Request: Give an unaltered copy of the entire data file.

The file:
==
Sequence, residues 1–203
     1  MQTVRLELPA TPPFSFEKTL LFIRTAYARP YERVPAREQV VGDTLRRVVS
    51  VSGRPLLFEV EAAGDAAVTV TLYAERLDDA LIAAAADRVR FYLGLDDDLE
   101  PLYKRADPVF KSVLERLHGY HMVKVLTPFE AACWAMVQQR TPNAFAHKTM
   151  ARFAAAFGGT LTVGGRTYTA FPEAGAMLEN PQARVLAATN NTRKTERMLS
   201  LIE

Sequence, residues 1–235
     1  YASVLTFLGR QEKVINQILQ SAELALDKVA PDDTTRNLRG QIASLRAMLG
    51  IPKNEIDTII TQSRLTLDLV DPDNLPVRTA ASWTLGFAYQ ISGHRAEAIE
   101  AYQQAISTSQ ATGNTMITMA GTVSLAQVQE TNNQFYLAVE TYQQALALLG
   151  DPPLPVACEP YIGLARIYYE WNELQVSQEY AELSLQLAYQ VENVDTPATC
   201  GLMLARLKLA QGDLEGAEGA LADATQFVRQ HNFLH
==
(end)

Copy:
Sequence, residues 1–203
     1  MQTVRLELPA TPPFSFEKTL LFIRTAYARP YERVPAREQV VGDTLRRVVS
    51  VSGRPLLFEV EAAGDAAVTV TLYAERLDDA LIAAAADRVR FYLGLDDDLE
   101  PLYKRADPVF KSVLERLHGY HMVKVLTPFE AACWAMVQQR TPNAFAHKTM
   151  ARFAAAFGGT LTVGGRTYTA FPEAGAMLEN PQARVLAATN NTRKTERMLS
   201  LIE

Sequence, residues 1–235
     1  YASVLTFLGR QEKVINQILQ SAELALDKVA PDDTTRNLRG QIASLRAMLG
    51  IPKNEIDTII TQSRLTLDLV DPDNLPVRTA ASWTLGFAYQ ISGHRAEAIE
   101  AYQQAISTSQ ATGNTMITMA GTVSLAQVQE TNNQFYLAVE TYQQALALLG
   151  DPPLPVACEP YIGLARIYYE WNELQVSQEY AELSLQLAYQ VENVDTPATC
   201  GLMLARLKLA QGDLEGAEGA LADATQFVRQ HNFLH